[Crm-sig] Using multiple instantiation

Martin Doerr martin at ics.forth.gr
Thu Dec 6 00:00:21 EET 2018

This was a proposal by Robert :-). It may be useful for implementers not 
used to semantic technologies.

What do other people think?

On 12/5/2018 6:54 PM, Richard Light wrote:
> Martin,
> Please explain why you think that this text is needed in the RDF 
> implementation guidelines. To me, it seems quite generic, and doesn't 
> offer specific guidance as to what implementors should do about the 
> issue that their existing systems may be incapable of expressing 
> certain RDF features. I think it would actually detract from the 
> usefulness of the document, because it would confuse and puzzle the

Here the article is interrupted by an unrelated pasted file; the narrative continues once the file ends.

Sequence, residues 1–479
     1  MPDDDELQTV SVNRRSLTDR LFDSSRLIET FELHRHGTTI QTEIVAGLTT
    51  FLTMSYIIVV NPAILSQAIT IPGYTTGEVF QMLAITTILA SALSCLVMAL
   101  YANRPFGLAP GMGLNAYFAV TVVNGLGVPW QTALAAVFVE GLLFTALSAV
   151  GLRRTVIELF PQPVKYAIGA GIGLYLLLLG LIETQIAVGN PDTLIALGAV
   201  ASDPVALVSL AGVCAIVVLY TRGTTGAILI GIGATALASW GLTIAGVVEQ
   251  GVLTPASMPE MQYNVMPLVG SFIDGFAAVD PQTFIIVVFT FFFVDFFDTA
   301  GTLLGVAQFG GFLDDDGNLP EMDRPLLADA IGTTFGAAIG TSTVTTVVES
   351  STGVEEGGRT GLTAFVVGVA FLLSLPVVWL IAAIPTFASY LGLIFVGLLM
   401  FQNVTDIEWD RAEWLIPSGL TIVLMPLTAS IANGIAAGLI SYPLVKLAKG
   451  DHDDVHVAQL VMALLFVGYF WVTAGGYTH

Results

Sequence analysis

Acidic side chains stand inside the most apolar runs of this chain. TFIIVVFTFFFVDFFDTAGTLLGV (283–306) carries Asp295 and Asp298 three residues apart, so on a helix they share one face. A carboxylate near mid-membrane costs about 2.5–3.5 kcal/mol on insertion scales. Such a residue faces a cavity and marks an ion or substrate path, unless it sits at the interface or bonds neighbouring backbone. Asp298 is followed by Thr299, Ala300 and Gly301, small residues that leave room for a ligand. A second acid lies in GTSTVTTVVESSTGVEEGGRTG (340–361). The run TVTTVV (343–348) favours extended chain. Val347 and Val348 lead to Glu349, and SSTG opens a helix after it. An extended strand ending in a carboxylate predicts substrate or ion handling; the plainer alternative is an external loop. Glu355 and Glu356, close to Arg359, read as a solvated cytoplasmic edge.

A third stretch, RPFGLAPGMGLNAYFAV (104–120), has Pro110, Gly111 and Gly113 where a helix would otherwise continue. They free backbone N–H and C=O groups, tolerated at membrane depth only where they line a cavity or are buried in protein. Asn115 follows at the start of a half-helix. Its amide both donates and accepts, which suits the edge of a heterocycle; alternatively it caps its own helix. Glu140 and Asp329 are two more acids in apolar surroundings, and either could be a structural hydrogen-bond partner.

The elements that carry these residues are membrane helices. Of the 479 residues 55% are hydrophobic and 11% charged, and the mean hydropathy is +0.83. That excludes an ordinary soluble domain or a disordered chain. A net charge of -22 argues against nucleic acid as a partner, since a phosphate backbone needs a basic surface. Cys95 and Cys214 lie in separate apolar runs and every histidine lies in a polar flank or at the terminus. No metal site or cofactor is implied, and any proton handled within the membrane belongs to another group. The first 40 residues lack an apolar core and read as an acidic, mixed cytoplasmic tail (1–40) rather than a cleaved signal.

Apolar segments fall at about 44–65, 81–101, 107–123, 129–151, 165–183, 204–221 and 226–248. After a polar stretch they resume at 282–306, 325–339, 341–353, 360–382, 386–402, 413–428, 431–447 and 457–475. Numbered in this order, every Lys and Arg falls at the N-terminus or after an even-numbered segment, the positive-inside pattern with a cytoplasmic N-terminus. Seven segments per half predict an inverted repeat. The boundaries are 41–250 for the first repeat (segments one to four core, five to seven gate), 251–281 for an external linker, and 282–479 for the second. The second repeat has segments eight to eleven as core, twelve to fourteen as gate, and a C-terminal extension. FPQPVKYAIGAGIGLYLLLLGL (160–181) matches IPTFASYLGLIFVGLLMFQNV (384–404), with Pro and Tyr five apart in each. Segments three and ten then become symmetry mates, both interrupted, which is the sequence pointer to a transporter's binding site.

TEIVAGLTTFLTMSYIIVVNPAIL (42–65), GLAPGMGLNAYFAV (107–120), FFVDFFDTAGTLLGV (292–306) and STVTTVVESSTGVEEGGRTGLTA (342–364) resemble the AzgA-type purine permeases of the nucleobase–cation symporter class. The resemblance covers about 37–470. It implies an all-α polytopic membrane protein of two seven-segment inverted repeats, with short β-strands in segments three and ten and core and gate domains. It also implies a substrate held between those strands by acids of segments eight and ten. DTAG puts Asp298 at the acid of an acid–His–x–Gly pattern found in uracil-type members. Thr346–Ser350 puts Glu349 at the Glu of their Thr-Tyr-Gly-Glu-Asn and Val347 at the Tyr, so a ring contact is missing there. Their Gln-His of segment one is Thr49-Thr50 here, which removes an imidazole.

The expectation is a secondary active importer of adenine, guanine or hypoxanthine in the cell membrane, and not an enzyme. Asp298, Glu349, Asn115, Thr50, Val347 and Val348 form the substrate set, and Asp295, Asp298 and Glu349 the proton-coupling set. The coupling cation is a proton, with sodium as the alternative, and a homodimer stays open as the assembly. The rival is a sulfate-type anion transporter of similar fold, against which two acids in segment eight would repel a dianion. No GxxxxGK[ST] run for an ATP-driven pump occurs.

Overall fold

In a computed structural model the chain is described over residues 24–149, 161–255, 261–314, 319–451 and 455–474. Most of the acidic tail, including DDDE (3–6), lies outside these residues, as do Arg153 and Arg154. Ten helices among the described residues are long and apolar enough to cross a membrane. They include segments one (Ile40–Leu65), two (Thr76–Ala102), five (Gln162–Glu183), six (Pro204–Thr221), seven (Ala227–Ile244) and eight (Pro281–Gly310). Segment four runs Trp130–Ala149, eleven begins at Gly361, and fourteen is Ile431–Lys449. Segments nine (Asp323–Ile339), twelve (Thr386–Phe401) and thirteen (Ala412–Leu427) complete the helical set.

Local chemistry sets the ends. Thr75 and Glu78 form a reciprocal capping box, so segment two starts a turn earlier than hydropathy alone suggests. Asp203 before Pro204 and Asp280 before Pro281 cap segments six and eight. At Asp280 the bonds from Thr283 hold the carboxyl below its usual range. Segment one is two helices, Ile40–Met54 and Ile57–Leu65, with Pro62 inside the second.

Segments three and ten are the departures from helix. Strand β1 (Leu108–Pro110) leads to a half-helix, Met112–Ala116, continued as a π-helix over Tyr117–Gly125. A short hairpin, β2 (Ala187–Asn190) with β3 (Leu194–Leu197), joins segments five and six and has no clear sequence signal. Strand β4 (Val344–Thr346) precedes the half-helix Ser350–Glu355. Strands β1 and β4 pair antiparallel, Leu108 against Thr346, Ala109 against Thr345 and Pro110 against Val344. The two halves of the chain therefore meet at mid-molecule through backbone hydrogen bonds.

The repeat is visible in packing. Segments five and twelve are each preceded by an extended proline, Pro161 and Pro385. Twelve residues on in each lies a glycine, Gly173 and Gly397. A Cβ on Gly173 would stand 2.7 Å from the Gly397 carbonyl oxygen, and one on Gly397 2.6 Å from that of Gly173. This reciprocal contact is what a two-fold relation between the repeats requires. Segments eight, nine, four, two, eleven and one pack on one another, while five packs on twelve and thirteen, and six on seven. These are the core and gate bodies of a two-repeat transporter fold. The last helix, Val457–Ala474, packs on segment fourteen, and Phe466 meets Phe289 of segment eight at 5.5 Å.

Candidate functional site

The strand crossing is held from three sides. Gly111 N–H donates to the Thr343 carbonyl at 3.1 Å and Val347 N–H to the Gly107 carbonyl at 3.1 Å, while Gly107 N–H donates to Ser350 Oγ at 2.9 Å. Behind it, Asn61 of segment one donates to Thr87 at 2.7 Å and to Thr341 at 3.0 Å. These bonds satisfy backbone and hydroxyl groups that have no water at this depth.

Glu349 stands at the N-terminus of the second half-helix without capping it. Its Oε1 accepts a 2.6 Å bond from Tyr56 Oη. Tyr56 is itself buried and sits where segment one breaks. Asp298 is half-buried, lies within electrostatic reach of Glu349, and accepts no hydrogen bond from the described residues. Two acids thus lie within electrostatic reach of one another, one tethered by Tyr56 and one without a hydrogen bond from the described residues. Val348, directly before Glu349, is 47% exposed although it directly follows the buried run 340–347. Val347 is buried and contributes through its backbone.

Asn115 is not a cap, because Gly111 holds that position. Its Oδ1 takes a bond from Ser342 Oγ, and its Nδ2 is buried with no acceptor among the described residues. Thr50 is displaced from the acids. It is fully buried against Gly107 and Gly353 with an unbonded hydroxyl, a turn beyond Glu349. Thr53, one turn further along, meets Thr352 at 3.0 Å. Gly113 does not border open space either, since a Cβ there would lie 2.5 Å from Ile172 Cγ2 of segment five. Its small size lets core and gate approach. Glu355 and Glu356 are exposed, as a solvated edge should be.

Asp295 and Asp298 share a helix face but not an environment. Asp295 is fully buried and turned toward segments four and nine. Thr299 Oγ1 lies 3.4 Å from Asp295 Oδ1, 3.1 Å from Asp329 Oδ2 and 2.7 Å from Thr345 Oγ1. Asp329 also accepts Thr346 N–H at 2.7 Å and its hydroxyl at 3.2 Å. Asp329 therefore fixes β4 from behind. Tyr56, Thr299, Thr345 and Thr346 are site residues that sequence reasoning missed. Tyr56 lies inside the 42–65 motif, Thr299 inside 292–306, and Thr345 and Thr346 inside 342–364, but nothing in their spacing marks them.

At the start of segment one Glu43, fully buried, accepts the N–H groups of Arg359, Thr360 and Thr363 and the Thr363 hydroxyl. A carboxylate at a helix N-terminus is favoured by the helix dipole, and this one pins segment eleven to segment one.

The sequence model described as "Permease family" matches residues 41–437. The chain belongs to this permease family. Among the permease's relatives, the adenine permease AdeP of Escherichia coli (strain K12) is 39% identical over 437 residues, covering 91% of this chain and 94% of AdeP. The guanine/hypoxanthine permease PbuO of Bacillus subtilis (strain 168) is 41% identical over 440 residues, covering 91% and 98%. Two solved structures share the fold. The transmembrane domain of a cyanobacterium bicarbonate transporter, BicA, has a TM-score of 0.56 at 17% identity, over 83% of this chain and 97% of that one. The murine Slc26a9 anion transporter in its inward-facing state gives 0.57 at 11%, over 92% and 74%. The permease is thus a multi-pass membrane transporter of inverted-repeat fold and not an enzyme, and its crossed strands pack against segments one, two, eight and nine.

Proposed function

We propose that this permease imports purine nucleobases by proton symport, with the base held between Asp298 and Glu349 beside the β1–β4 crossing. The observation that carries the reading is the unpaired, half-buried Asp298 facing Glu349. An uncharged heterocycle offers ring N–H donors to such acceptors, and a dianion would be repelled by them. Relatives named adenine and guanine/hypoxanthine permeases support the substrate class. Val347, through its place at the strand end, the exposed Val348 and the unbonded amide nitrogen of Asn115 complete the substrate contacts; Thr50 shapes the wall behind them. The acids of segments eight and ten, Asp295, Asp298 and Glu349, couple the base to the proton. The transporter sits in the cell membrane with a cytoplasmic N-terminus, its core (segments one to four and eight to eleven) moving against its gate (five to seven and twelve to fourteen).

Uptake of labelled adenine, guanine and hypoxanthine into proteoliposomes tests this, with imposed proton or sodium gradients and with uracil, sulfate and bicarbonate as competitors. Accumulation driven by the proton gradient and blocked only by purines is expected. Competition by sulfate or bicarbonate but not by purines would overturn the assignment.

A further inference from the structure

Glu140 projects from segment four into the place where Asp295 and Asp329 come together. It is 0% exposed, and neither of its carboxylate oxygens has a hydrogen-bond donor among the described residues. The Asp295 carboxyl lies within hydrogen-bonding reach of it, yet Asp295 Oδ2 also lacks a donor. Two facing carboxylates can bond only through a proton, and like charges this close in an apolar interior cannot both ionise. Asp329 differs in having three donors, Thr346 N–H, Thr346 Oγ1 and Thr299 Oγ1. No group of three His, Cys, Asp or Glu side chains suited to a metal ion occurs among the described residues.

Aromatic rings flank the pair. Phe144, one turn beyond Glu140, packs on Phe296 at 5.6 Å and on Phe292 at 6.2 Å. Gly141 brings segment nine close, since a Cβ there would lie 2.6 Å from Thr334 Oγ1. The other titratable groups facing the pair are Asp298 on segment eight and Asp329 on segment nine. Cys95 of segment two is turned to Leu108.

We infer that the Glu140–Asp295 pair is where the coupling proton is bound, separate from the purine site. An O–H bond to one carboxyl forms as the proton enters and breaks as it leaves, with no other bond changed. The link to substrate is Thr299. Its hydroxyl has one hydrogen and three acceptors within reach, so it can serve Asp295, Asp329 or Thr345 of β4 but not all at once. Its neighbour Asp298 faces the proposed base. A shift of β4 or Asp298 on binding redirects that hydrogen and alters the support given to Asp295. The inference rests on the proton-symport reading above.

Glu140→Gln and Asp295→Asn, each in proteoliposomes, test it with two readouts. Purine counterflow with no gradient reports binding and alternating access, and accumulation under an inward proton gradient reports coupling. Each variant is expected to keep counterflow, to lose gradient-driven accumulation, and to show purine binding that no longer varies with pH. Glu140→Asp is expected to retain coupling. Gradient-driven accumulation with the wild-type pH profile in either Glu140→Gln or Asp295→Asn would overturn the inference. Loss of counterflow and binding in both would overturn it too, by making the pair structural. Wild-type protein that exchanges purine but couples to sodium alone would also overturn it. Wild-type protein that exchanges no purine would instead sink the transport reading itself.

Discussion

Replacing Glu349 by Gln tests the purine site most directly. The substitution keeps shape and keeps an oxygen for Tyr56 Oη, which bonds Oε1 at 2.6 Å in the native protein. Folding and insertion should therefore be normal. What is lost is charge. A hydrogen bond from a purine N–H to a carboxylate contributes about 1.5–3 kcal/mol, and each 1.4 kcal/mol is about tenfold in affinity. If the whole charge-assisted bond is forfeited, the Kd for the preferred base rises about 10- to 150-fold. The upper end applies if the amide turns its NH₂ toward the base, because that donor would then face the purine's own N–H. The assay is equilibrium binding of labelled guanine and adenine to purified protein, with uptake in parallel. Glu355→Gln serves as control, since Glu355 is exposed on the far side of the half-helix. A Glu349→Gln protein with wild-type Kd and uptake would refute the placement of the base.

> typical reader.  [Maybe we need to stop and think about who the 
> 'typical reader' would be, and what they would want from this document.]
> Richard
> On 05/12/2018 16:05, Martin Doerr wrote:
>> Dear All,
>> I propose this paragraph to be added to the implementation guidelines 
>> for RDFS:
>> "*About implementing multiple Instantiation*
>> Knowledge representation models and more generally semantic networks 
>> differ fundamentally in one aspect from data structures, such as XML, 
>> Relational database schemata and data structures in all programming 
>> languages, including the object-oriented one:
>> ·Knowledge representation starts with an item in the real world 
>> regardless its nature, assigns an identifier to it in order to be